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Health System Change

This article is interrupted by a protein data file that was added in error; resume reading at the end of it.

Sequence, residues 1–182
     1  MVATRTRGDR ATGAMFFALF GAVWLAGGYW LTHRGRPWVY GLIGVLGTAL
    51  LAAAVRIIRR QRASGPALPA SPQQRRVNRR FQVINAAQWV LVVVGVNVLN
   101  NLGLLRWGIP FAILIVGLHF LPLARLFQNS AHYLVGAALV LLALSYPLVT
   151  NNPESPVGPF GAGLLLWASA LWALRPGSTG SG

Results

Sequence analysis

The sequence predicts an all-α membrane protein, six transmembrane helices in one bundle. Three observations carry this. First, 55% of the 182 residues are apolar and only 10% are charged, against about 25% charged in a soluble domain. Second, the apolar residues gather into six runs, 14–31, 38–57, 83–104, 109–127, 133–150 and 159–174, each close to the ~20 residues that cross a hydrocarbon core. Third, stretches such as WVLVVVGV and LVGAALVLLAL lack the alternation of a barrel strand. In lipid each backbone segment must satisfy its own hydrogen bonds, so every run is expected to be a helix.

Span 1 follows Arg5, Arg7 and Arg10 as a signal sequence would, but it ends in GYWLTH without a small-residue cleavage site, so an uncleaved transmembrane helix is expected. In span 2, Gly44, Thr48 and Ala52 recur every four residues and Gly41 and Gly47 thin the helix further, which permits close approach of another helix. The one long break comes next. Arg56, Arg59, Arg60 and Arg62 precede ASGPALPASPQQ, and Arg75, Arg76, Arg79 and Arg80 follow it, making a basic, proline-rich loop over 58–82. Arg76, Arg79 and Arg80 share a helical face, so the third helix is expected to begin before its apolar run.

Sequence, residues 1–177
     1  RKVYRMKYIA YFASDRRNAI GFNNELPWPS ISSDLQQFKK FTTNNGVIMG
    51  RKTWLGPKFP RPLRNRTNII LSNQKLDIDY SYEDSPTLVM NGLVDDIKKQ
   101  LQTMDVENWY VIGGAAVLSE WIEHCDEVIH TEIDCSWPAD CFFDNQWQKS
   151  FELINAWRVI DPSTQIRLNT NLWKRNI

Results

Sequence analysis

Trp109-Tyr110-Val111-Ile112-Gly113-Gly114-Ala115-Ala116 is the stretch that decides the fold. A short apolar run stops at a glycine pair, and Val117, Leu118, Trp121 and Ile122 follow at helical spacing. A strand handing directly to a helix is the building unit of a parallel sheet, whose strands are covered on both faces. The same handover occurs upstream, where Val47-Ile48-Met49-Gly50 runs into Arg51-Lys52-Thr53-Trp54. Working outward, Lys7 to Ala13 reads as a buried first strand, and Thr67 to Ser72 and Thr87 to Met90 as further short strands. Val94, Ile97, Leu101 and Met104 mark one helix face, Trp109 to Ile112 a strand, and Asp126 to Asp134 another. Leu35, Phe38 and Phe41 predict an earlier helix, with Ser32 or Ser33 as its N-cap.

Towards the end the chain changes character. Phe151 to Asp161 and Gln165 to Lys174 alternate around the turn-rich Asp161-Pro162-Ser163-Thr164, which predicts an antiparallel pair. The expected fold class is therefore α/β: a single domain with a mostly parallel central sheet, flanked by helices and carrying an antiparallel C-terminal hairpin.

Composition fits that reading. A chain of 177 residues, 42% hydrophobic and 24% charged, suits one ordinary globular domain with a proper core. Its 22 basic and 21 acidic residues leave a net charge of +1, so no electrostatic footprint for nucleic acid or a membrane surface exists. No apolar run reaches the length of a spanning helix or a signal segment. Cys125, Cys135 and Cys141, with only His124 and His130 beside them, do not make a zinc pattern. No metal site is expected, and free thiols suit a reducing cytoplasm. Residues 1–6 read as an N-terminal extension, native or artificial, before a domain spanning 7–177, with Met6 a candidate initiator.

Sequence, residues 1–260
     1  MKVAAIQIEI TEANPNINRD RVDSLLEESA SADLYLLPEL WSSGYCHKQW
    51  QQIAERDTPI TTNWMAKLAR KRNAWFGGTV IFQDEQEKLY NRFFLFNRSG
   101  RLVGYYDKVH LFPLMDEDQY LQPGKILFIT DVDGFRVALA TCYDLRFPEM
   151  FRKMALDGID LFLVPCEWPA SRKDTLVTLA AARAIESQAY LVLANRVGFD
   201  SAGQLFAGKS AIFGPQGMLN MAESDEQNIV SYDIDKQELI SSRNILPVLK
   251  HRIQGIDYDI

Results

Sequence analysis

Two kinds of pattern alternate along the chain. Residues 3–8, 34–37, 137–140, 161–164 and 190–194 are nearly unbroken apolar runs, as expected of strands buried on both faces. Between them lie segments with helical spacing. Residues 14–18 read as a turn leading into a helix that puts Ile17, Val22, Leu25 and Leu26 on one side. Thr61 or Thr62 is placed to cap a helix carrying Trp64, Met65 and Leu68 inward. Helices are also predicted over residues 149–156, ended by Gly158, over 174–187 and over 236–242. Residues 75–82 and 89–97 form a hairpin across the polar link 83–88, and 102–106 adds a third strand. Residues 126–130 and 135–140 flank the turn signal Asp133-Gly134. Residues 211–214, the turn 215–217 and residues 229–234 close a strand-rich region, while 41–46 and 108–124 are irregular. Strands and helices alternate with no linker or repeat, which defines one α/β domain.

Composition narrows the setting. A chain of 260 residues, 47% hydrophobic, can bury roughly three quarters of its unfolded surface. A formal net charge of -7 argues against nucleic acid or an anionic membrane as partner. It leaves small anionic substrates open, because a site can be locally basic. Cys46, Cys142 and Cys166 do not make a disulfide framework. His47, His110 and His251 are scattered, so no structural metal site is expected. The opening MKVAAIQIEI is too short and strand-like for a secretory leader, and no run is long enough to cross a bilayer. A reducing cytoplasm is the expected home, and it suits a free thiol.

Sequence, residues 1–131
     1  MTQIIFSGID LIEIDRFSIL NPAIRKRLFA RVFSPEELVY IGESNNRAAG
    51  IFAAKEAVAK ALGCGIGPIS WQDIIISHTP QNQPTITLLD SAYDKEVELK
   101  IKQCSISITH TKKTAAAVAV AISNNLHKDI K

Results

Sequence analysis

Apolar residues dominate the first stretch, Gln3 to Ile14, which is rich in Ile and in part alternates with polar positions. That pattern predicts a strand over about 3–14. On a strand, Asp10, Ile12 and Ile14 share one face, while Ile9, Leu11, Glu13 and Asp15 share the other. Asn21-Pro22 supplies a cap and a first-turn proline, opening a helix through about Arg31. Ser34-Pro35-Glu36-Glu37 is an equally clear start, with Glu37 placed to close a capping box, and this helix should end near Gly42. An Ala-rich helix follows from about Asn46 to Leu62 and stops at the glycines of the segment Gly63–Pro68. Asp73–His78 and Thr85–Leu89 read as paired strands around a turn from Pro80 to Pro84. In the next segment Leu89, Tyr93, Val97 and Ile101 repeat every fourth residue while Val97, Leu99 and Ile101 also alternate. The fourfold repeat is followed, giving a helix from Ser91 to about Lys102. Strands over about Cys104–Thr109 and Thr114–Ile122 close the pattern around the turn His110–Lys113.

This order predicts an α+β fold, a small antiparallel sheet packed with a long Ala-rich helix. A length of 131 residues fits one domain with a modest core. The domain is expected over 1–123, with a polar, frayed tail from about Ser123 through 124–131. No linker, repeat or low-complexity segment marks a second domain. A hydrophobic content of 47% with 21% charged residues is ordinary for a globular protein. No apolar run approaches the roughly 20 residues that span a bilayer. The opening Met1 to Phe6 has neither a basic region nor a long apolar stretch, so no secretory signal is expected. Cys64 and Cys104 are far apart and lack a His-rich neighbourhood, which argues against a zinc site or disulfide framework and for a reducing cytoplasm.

• Cornerstone: The Rise and Fall of a Health Care Experiment: New York Times by Reed Abelson—HIGH POINT, N.C.—Cornerstone Health Care, a large physician group here, made a big bet a few years back: It would get paid based not on how many procedures its doctors performed, but on how effectively they treated their patients. There’s a term for this: an accountable care organization. The idea is to make doctors more mindful of costs—Is that test really necessary?—while keeping people healthier and away from pricey hospital visits. In recent years, several hundred accountable care experiments have sprung up nationwide. And by early 2015, Cornerstone’s bet looked like a winner. But the confirmation proved premature. Within weeks of Ms. Burwell’s announcement, an exodus of doctors had begun at Cornerstone. In the months that followed, nearly 70 of its 228 doctors left, many attracted by the chance to make more money at area hospitals. Cornerstone’s experience illuminates just how tough it can be to overhaul the way medical care is delivered, even when the change is a priority for doctors and the government. As Cornerstone learned, hospitals and doctors frequently fight the changes, because they believe they can make the most money under a fee-for-service model.

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